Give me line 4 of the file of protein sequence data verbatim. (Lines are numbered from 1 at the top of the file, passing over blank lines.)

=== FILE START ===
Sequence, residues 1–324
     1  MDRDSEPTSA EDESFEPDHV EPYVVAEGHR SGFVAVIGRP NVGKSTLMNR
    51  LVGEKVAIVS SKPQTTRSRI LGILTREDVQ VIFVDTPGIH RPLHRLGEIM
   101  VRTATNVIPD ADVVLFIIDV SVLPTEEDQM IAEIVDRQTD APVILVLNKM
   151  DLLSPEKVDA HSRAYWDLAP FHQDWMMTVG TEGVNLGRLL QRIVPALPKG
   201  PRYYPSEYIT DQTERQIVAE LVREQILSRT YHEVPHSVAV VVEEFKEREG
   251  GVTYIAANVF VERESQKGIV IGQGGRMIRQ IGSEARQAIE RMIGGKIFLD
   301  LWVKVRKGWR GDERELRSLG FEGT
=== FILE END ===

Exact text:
   101  VRTATNVIPD ADVVLFIIDV SVLPTEEDQM IAEIVDRQTD APVILVLNKM